LOADING

Type to search

Latest Reports

Atlanta’s 10th Street Bridge: City advancing plans to create a multi-modal route

David Pendered

By David Pendered

The task of retooling the 10th Street Bridge into a multi-modal route over the Downtown Connector is taking an important step forward. The process of acquiring land for the project is beginning.

The 10th Street Bridge in Atlanta is to be retooled into a multi-modal route ove the Downtown Connector. Atlanta is starting the process of acquiring land for the construction process. Credit: Midtown Alliance

The Atlanta City Council is considering a proposal to authorize city officials to acquire rights of way necessary for construction. No opposition to the paper is expected. Final passage of the enabling legislation could occur as early as the council’s meeting May 17.

The paper authorizes Atlanta buy property or condemn parcels if owners won’t accept the city’s good-faith offer. Five owners are involved:

  • University System of Georgia;
  • Turner Broadcasting Systems, Inc. (three parcels);
  • Pep GT, LLC;
  • Atlanta Development Authority;
  • SCI Georgia Fundeal Services, LLC.

The bridge is to open in mid 2024. Construction is set to begin in 2023, according to the schedule posted by Midtown Alliance.

This project map shows the extent of work required to retool the 10th Street Bridge into a multi-modal route. Credit: Atlanta

Midtown Alliance has taken a leadership role in this project, as it did at the 14th Street Bridge over the I-75/I-85 roadway known as the Downtown Connector.

At the 14th Street Bridge, the state’s original plan called for a structure with travel lanes separated by a turn lane. Midtown Alliance became involved and the final result is the multi-modal bridge that exists today.

The 10th Street Bridge is the type of bridge once envisioned at 14th Street. The existing 10th Street Bridge has three travel lanes in each direction, separated by a turn lane. A utilitarian barricade fence on each side is to prevent projectiles from being lobbed onto the highway below.

To remake the 10th Street Bridge, Midtown Alliance hired an engineering firm to design a multi-modal remake. Kimley-Horn is to design a bridge that addresses the aspirations of folks who offered comments during a series of stakeholder meetings. This comment is representative:

  • “Since this area of Midtown does not have much green space, and the area around the Connector in particular is currently very pedestrian/bicyclist unfriendly, both in terms of lack of shade and greenery and lack of wide barrier-separated walking/cycling space, I would suggest much of the investment for enhancement of this bridge/intersection be focused on softening the area with plants as opposed to elaborate metal or cement structures. If it can be widened like the 5th St. bridge, that would be ideal.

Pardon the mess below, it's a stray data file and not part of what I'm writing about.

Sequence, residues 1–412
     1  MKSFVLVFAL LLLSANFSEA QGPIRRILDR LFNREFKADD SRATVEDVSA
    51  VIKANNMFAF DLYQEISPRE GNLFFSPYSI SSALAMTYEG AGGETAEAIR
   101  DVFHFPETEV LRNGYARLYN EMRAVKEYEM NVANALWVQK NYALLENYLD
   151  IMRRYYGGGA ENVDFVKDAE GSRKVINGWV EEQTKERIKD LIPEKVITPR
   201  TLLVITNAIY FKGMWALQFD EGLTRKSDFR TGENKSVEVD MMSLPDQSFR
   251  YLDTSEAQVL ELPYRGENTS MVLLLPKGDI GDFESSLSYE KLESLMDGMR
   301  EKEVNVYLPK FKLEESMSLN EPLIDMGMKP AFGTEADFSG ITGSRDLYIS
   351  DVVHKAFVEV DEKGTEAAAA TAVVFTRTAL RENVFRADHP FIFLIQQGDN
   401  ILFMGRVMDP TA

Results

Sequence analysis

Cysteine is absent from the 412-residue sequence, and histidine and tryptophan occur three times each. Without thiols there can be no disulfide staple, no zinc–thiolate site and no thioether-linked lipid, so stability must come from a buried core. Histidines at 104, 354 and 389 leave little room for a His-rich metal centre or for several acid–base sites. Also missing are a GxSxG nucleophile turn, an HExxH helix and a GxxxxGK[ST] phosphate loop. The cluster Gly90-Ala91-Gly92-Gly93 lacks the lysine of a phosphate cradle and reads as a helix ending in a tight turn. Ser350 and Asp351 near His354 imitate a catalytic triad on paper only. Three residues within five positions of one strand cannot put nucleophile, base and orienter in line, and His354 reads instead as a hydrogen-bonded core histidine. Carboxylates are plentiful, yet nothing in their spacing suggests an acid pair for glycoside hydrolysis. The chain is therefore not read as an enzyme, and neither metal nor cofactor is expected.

• “Also, since 10th Street is a gateway to Piedmont Park (including the Botanical Garden), making this a green entrance to Midtown would be especially appropriate. Likewise, when crossing from Midtown to Georgia Tech, this would provide a green entrance to the green campus beyond.”
Downtown Connector

Once the 10th Street Bridge is retooled into a multi-modal route, the Downtown Connector will be spanned by four pedestrian-oriented crossings from 5th Street to 17th Street. Credit: Kelly Jordan

The final design is not intended to replicate the garden-like environment built into the 5th Street bridge. But the retooled 10th Street Bridge is to provide safer mobility for the growing volume of traffic crossing it by means other than a vehicles.

For example, the eastern side of the Connector is being filled in with student housing that can serve a few thousand students, who are walking or riding bicycles, scooters or skateboards across the bridge on their commute between school and home.

Even before this supply of housing was erected, Midtown Alliance was seeking a bridge design that would accommodate individuals walking between campus and MARTA’s Midtown Station. The number rises dramatically during events at Tech’s McCamish Pavilion. At the time, estimates called for the bridge to accommodate more than 35,000 travelers a day, according to the Midtown Alliance.

The budget is set at a total of $7.2 million. Sources include:

  • $2.6 million in federal funds;
  • $2.5 million from the Midtown Improvement District;
  • $2.1 million from proceeds of Atlanta’s sales tax for transportation.

 

Tags:
David Pendered
David Pendered

David Pendered, Managing Editor, is an Atlanta journalist with more than 30 years experience reporting on the region’s urban affairs, from Atlanta City Hall to the state Capitol. Since 2008, he has written for print and digital publications, and advised on media and governmental affairs. Previously, he spent more than 26 years with The Atlanta Journal-Constitution and won awards for his coverage of schools and urban development. David graduated from North Carolina State University and was a Western Knight Center Fellow.

    1

You Might also Like

Leave a Comment

Your email address will not be published. Required fields are marked *

This site uses Akismet to reduce spam. Learn how your comment data is processed.